Reflecting on the red zone
The Zone Life series has explored Christchurch's residential red zone. To conclude the series, Charlie Gates reflects on how the city has changed.
Christchurch can sometimes feel like a bleak place to live.
I have spent the last six weeks immersed in the residential red zone, trying to capture its scale and tell the stories of the people caught within its boundaries.
Press photographer Kirk Hargreaves and I spent a couple of days touring the rutted and twisted streets of the red zone.
You can drive for hours and still be inside its borders. It sprawls across 630 hectares of Christchurch suburb and includes nearly 8,000 homes. That is about four times the size of Hagley Park.
It is a twisted and shattered suburban landscape. Not yet demolished, not yet abandoned. A strange limbo land weaving from the heart of the city to the sea.
The only sound in the more deserted suburbs is birdsong and the distant hum of machinery slowly unpicking the neighbourhood.
Kirk and I also joined a private security guard as he patrolled the red zone at night.
After sunset, the red zone streets do something you would not have thought possible. They get grimmer.
There were dark deserted streets with no lights. There were hollow-eyed houses leaning toward each other like conspirators. There were pockmarked streets covered with puddles and gravel. It was a long night.
We saw houses where burglars had stripped out all the windows and fittings. We saw homes where broken furniture and toys had been scattered across the front yard in anger.
Other homes had been broken into and tagged. It was mile after mile of shattered suburbia.
At one point, an oddly appropriate song came on the car stereo. It was Green Day's ''Boulevard of Broken Dreams''.
It is only now I have finished writing that the sadness of it all has crept up on me.
These were lovely suburbs set around the Avon River. It was the Kiwi dream - a modest, pleasant life that you didn't need to be super rich to enjoy.
I spoke to many red zone residents. They did not want to leave their homes. They felt powerless, afraid and sad for everything they had lost.
I remember the look on an elderly woman's face as she remembered the fruit trees she nurtured from saplings in her back yard and the daughters she raised over decades in her home.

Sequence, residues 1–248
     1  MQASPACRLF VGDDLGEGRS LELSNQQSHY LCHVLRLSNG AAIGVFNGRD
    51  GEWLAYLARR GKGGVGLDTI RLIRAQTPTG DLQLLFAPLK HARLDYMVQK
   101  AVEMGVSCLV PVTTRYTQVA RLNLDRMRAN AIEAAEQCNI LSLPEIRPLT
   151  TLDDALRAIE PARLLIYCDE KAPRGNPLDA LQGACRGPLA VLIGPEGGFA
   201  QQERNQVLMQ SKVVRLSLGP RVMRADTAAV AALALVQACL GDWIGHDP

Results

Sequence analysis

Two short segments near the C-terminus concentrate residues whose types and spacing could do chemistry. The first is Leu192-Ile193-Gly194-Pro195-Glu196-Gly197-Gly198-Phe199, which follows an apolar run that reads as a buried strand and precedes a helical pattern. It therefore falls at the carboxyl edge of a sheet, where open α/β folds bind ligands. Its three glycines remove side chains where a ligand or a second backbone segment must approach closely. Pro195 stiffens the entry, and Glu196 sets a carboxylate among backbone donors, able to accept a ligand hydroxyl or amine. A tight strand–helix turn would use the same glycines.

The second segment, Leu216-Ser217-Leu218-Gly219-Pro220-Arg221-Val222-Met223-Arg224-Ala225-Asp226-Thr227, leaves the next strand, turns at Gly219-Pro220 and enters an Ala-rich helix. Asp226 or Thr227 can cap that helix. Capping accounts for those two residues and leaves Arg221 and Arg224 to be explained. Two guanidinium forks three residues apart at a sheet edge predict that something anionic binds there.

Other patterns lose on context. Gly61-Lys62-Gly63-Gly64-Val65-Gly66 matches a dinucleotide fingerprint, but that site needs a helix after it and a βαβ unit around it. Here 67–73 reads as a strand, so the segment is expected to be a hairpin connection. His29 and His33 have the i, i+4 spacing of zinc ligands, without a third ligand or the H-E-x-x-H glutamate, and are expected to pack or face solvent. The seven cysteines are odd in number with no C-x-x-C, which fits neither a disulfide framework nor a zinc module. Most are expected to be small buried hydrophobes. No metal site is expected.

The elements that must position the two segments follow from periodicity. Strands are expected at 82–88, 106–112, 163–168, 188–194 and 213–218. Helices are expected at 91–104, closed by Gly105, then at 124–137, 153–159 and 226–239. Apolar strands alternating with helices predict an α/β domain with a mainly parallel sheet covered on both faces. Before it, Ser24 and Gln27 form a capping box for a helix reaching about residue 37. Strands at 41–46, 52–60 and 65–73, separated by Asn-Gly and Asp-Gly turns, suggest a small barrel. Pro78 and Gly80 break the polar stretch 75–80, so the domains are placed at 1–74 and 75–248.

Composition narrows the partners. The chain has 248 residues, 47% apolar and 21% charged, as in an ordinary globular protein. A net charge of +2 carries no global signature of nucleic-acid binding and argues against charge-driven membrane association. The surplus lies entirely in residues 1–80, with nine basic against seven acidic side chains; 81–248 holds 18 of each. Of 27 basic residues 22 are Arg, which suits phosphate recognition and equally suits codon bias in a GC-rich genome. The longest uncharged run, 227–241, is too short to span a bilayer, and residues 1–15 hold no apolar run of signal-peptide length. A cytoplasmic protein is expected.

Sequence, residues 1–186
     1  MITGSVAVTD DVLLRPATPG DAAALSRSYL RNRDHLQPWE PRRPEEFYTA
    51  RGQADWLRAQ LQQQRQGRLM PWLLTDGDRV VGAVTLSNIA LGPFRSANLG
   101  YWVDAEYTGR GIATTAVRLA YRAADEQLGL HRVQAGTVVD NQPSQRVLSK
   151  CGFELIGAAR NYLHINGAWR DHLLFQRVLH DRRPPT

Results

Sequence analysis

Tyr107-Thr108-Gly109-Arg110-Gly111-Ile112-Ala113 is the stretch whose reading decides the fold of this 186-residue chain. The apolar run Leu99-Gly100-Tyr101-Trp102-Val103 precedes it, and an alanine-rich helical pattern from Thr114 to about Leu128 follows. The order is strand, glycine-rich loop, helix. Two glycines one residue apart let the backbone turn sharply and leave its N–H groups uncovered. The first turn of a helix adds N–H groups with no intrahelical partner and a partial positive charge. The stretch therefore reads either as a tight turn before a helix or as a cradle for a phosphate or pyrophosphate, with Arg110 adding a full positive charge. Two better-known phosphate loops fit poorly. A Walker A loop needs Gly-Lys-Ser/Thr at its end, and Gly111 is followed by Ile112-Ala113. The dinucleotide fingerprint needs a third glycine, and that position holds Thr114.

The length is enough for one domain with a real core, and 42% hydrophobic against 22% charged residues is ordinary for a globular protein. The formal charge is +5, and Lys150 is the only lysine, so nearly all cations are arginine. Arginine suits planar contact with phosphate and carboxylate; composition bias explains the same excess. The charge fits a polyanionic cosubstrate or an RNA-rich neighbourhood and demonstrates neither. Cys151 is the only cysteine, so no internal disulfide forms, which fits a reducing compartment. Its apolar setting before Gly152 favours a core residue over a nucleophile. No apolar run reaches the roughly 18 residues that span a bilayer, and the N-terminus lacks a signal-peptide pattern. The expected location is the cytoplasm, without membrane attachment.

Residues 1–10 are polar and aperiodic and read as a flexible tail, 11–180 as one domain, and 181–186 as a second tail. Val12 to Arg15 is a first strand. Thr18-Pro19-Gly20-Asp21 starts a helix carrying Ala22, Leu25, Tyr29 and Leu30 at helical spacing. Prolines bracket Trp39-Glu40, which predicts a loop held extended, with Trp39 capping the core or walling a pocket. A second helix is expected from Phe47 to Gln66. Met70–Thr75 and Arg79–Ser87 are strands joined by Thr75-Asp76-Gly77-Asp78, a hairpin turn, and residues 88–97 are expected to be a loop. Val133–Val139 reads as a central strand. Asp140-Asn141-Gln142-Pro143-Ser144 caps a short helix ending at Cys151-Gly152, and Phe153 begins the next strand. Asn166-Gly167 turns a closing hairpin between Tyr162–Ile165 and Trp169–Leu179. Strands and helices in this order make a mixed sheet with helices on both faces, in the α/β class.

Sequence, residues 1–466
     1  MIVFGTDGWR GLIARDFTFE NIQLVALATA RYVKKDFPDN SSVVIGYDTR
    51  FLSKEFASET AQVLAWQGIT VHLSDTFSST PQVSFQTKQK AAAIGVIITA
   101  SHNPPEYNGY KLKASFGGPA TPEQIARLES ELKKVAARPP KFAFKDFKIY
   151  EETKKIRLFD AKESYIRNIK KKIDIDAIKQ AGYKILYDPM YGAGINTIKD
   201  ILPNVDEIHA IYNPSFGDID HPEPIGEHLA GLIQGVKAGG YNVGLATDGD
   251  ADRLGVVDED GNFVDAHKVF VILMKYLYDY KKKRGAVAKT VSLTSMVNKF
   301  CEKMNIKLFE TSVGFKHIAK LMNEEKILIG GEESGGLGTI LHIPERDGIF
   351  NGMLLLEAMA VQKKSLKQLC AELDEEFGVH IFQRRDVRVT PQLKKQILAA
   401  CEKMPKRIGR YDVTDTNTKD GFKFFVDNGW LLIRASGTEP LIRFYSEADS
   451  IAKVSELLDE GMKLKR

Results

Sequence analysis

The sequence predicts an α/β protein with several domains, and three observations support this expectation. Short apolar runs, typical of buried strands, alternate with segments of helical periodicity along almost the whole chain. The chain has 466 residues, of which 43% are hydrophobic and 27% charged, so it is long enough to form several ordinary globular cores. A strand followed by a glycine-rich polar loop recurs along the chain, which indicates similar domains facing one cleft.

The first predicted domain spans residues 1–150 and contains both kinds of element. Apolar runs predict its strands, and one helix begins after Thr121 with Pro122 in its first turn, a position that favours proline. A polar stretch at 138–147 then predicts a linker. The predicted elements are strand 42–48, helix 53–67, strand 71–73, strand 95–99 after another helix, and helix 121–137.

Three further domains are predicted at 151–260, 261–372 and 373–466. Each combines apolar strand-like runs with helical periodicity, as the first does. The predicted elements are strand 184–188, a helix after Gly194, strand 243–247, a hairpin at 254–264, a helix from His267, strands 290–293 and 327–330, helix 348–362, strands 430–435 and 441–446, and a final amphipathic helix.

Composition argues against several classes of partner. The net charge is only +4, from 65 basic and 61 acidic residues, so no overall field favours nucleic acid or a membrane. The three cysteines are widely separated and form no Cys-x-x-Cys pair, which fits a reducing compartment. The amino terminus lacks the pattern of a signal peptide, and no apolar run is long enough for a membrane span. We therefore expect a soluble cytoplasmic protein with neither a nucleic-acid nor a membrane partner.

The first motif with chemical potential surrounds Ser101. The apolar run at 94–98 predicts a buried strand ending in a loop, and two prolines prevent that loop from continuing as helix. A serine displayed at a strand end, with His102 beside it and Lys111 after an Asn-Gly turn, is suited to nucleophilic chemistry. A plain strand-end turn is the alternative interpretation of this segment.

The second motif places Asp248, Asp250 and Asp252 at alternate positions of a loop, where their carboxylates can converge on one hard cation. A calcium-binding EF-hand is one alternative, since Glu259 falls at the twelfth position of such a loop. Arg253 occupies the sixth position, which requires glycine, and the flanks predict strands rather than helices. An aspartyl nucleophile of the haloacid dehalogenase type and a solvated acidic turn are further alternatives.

The home has now been demolished and soon the rest of her neighbourhood will be gone. It is the end of a community where she played as a child, married, worked and raised a family over eight decades.
I remember the man thinking about his baby boomer childhood on the generous banks of the Avon River. His childhood home and every home we could see on both sides of the river will soon be gone. Whole communities will be cleared.
Even now, so long after the first quake, the scale of destruction and the challenge ahead are hard to comprehend.
I've lost many things. I've lost loved ones, childhood pets, first loves. We all have.
I never thought you could lose a city. But, we all have.
And we can't go home again. We live in a different place now.
I'm reminded of what we have lost on my bus trip to work every day.
The route into town passes through a section of the red zone on Pages Rd. It is bleak. Broken homes sit at strange angles, their fences scarred with tagging. A little row of shops - once a lively bar, a video store and a pizzeria - sit smashed and empty.
The street is gap toothed, with empty sites dominated by large brown puddles the size of boating lakes.
It is a depressing sight to pass every day.
But yesterday morning, further along the same bus route, a man hopped on the bus only to discover he did not have enough money for his fare. One of the passengers leapt from her seat.
''I'll pay,'' she said.
She opened her purse and paid for his fare. A lovely smile broke out on the man's face, like the sun coming out from behind a cloud. The pair chatted together for the rest of the journey. His smile was infectious.
I smiled too at the small act of human kindness. It was an act that transcended the bleak landscape around us.
The future of Christchurch is not a park or a conference centre, a rugby stadium or native wetlands. And nor is it abandoned streets and mangled suburbs.
It's the people.
It was always the people and it always will be.
- The Press